What is dissociation in psychology

dissociation

dissociation1) In the cognitive psychology (Cognition) one speaks of dissociation when the results of motor actions do not match the corresponding performance of perception. The perception judgment is subject to certain illusions (e.g. geometrical-optical illusions), by which the motor skills remain unaffected. Such dissociations can be found both for spatial properties of objects (size, orientation, localization) and for temporal properties (sequence, dating). Due to the existence of dissociations, it is assumed that the perception and control of motor actions partly fall back on separate representations of objects (or features). Examples: a) In the Müller-Lysian illusion) the perception of certain properties of objects (e.g. the length of the line) does not match their physical properties. Although the perceptual judgments are subject to these illusions, the motor behavior (e.g. pointing movements) remains unaffected. b) "Blindsight" patients show correct motor reactions (e.g. reaching for objects), but cannot indicate the size or orientation of the objects. c) Temporal dissociations: People can react faster to acoustic stimuli than to visual stimuli. The opposite picture emerges for dating in the chronological order judgment: the acoustic stimulus must be presented before the visual stimulus in order to be perceived as simultaneously. 2) In clinical psychology, loss of the physical and psychological unity of the person. The result is the appearance of psychological units that carry out courses of action that the person is not aware of, up to and including the appearance of independent sub-personalities (multiple personality, dissociative disorders, emotional inhibition).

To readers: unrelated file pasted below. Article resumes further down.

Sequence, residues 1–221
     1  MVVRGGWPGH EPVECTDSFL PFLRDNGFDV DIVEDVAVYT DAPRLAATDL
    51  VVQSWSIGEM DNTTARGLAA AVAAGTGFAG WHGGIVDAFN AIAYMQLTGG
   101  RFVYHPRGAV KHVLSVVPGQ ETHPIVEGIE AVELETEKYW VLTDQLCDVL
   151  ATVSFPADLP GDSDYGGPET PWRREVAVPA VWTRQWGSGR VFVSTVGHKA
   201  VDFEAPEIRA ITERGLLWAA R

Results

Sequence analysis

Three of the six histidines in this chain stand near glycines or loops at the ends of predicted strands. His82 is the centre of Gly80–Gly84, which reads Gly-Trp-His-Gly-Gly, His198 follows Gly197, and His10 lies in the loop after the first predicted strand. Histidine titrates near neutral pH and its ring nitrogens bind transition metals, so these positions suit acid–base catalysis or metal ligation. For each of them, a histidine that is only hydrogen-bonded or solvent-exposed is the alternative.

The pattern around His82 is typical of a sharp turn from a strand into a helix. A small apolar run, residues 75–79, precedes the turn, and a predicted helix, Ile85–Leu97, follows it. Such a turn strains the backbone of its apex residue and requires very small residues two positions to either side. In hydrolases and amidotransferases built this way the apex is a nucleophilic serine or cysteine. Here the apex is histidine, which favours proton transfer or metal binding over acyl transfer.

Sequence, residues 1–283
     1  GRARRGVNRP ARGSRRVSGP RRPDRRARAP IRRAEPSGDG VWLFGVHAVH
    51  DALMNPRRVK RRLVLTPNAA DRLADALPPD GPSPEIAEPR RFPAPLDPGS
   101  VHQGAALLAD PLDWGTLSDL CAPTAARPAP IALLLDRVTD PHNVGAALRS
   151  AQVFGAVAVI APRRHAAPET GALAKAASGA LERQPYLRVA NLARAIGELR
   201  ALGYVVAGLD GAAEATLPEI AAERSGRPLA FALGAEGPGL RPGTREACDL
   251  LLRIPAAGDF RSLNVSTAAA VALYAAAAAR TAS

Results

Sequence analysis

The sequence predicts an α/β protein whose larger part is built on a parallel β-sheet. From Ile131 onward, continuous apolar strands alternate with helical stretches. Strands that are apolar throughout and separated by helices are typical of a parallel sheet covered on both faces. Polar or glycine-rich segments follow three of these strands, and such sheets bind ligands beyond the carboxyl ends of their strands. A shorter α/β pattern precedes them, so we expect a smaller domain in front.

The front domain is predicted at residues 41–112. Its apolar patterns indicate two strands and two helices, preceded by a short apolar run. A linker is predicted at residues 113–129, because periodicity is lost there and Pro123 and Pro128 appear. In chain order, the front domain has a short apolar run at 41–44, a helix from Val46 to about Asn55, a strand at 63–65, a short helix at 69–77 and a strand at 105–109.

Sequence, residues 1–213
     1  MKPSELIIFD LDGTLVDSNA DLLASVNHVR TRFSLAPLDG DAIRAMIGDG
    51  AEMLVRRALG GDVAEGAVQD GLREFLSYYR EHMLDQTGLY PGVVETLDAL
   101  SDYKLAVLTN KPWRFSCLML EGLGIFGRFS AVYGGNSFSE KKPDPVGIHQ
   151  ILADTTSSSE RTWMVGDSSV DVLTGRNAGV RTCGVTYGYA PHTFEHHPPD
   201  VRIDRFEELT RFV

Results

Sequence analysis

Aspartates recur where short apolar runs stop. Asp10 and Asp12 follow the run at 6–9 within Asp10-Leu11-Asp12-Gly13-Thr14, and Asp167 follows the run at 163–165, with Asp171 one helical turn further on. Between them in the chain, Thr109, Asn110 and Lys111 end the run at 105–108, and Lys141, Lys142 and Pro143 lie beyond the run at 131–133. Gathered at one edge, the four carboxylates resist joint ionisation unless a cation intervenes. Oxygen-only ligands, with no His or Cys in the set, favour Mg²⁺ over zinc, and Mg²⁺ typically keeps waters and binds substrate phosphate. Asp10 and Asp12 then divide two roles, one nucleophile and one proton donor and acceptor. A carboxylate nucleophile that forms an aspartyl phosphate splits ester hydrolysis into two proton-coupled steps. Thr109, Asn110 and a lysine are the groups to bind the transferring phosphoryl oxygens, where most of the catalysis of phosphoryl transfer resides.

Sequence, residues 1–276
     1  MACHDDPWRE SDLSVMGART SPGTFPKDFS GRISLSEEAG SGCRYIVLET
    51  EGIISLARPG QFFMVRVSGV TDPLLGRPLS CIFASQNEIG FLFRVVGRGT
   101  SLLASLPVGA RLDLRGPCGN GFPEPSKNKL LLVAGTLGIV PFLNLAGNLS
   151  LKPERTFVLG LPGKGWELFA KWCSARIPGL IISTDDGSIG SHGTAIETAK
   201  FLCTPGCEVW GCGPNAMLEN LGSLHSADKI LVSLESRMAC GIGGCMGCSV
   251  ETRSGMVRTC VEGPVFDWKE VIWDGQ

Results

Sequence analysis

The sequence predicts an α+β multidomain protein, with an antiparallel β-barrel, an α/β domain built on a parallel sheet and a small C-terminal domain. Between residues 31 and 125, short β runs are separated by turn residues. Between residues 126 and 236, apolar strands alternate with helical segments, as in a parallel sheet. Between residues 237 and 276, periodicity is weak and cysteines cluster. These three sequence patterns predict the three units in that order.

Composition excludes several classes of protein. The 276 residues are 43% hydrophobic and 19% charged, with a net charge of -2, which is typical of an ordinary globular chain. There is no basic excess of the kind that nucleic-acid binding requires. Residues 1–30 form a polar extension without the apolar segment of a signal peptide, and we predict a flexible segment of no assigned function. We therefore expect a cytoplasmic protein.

G.A.